Why Fill Full Time Faculty Positions When Adjuncts are Readily Available?

Many schools are faced with decreased student enrollment (which translates into reduced operating funds) resulting in offering fewer class taught by fewer full-time and/or adjunct faculty members.

As a school administer, you need to make budget appropriation decisions about faculty positions and responsibilities. You must do more with less funding. Your choice can be to either utilize a full-time faculty member or adjuncts?

The costs associated with filling a full-time faculty position includes additional payroll expenses, fringe benefits, and (in the future) the potential complications of trying to fire the person if he/she does not meet the school’s needs. But the school still needs a team of full-time faculty to provide continuity within the department and the school, to assume various administrative responsibilities and develop for future opportunities.

The alternative is to hire adjunct instructors for faculty positions. Qualified subject master experts are readily available in today’s labor market, making your offering compensation lower than in the past. At many schools, adjuncts are not eligible for benefits. Perhaps the most important aspect is if an adjunct does not work out, the school does not have re-new their contract.

Accepting the fact that many open faculty positions will be filled by adjuncts, what can a college or university do to evaluate adjuncts for potential future full-time faculty positions?  Despite how well a person presents on paper or during an interview, the real test is what happens when they are in a room with students, how they relate with other faculty and staff members, or how they deal with administrative responsibilities.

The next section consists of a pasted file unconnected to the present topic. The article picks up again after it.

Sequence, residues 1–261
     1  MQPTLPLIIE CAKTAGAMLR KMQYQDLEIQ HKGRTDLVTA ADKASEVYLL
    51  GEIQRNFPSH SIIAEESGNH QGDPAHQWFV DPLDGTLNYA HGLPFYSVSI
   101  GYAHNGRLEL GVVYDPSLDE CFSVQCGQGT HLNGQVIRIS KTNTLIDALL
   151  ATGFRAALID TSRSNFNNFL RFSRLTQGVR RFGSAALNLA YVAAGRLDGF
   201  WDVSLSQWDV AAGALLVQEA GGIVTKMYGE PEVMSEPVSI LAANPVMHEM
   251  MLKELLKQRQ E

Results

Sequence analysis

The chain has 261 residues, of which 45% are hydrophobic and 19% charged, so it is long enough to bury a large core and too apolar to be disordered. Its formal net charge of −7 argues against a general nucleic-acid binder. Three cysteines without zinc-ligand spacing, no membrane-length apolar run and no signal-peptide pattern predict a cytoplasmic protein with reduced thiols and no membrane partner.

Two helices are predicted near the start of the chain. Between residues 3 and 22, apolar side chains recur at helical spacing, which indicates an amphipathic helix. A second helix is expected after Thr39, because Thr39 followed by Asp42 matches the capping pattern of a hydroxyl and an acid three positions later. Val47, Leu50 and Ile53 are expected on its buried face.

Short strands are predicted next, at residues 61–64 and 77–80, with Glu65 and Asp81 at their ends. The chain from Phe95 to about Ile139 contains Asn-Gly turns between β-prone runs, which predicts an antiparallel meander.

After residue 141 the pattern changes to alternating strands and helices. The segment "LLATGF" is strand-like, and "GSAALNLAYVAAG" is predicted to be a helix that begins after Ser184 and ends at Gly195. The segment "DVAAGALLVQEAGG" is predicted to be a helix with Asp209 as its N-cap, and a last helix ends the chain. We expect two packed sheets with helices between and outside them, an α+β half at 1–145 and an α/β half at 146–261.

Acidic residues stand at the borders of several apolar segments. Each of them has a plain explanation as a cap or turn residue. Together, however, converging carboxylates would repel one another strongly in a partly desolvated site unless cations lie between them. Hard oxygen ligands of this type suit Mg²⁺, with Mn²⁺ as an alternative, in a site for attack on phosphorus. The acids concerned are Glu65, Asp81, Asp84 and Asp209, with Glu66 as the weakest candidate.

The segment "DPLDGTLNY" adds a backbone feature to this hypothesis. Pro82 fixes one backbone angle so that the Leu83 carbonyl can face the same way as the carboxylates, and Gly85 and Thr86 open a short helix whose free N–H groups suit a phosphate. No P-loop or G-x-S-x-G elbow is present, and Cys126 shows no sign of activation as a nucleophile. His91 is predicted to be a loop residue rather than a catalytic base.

Most schools are looking for low-maintenance adjuncts who don’t create chaos in their classroom or the school, who engage and interact with students, faculty and staff, who can deal with unpredictable events (the computer isn’t working, projector bulb is out, etc.), who complete all their administrative responsibilities on time and who accurately acts in a responsible in a mature manner.

Rich Gerstin is the founder of The Asheforde Group and is the head of math department at Brown Mackie College, Atlanta.

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